He was part of the team at AGB that tried to launch the first people meter TV ratings system in the U.S., before it got outflanked by Nielsen. He was also part of the team at Y&R that developed the agency's highly regarded Brand Asset Valuator research, before it got banked by WPP. And he's had short stints at many of the biggest and best research companies - including Nielsen - before ending up at, of all places, the Traffic Audit Bureau.
To his credit, Philport has helped breathe some real life and an important sense of purpose into the TAB, and he's managed to do it at a time when comparable firms in the print media industry look moribund, out-of-touch, and possibly even incompetent by comparison. Philport did this by broadening the TAB's mandate beyond simple traffic audits, and taking the lead role in the out-of-home industry on an important and much-needed audience measurement initiative that some believe may be the model for all other media to follow.
It's been a slow, pain-staking process that has required equal amounts of politics and salesmanship, but in the end, he has somehow managed to get most of the key stakeholders in the out-of-home media industry to agree on a process that arguably is the closest thing to a JIC, or a joint industry committee, that the U.S. media marketplace is likely to see. He only faces two obstacles: time; and his old nemesis, Nielsen.
Philport finally unveiled a key final component in the TAB's multi-faceted audience measurement initiative, an outdoor ratings system that will be managed by the highly-regarded team at Mediamark Research Inc. The problem is that the system will not roll out until 2008, giving Nielsen plenty of time to expand its own fledgling outdoor measurement system - a new-fangled one utilizing state-of-the-art GPS technology. Given Nielsen's track record at boxing out rivals and potential competitors, it will be interesting to see how this one plays out.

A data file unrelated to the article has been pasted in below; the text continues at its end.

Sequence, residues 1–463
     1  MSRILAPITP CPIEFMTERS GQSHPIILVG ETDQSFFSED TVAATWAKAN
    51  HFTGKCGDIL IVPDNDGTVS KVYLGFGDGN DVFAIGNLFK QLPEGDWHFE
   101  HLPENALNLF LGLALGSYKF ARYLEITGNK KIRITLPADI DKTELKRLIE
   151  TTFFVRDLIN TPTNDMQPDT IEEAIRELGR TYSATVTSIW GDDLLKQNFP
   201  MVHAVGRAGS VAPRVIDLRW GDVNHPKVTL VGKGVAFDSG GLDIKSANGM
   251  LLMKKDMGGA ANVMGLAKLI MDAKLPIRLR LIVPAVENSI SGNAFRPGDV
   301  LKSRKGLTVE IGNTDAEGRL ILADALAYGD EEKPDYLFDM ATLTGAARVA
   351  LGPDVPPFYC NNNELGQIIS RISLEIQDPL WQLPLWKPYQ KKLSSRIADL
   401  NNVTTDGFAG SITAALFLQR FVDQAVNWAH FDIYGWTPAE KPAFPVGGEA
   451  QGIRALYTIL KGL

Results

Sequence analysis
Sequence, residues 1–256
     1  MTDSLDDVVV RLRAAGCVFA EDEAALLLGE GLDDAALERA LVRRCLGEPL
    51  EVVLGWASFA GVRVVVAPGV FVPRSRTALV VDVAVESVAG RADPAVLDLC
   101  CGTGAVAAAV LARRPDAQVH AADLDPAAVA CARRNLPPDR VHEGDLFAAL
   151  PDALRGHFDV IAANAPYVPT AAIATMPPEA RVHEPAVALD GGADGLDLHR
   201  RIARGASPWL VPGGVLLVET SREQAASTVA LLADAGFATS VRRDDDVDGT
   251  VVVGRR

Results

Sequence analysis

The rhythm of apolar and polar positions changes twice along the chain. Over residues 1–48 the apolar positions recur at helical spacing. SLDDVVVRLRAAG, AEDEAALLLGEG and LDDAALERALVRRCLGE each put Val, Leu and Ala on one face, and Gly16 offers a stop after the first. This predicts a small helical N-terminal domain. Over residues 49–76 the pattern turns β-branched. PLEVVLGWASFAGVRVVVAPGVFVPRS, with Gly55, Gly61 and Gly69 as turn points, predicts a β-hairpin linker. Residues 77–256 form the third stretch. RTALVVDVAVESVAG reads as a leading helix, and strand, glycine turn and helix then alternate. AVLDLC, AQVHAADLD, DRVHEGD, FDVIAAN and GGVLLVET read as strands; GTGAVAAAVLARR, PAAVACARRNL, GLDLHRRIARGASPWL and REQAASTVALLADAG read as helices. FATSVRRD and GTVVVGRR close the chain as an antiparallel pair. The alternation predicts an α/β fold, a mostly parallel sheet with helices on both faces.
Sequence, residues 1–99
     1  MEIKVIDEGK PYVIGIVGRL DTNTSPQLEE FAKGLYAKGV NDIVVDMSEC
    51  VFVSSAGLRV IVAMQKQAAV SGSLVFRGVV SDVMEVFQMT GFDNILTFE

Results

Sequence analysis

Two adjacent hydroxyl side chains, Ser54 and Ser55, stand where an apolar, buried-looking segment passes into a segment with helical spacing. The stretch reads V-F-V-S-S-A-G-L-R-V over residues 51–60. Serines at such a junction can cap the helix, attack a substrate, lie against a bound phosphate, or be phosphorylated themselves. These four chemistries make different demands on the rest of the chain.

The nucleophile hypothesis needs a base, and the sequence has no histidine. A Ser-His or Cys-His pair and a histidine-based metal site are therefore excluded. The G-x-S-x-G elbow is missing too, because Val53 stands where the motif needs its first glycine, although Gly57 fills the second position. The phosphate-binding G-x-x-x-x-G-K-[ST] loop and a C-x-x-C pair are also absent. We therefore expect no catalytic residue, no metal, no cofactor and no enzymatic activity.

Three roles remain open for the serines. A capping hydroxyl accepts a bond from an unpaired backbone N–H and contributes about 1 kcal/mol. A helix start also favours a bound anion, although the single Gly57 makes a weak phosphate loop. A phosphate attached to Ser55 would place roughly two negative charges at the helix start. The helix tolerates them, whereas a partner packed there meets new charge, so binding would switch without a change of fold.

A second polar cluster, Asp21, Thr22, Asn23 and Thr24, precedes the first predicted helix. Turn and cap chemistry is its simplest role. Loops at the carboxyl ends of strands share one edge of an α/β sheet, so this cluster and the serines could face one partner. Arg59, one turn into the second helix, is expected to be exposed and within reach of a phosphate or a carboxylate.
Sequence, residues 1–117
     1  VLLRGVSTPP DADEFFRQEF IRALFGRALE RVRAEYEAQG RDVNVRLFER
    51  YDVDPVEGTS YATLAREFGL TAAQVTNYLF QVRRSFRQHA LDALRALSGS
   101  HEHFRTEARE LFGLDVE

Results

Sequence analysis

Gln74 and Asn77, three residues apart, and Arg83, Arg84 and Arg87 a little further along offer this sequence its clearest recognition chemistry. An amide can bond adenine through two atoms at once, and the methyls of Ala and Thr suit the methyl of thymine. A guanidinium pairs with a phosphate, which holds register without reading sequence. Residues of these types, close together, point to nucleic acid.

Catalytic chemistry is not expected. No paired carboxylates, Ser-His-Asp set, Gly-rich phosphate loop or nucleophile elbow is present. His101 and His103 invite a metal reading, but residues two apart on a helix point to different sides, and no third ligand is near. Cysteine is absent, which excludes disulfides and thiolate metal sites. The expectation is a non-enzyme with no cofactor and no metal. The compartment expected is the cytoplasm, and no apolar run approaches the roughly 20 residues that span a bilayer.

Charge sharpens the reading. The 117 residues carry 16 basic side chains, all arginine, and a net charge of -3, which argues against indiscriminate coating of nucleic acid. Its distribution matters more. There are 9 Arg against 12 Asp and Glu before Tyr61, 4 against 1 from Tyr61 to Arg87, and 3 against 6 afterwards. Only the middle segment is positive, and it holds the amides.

Nielsen has incredible resources, not simply financial ones (though it surely has plenty of that form the robust cash flow thrown off by its TV ratings business), but also its awesome market clout. In fact, we've only seen Nielsen lose in one recent market battle: its attempt to launch New Millennium, a back-office media management system that tried to compete with Donovan Data Systems. Sure Monitor-Plus is still an also-ran to TNS, but at least Nielsen's making a go of that.
The truth is that Nielsen has not failed at any recent media research initiatives it has launched, and from what we hear, it is dead serious about penetrating the outdoor media measurement marketplace. It's already got a running start. And it can afford to subsidize its rollout until it also eventually dominates that market.
Time will tell whether the industry ultimately supports Nielsen's solution, or the TAB approach - or maybe even both. In either case, outdoor will end up with better, more credible audience measurement.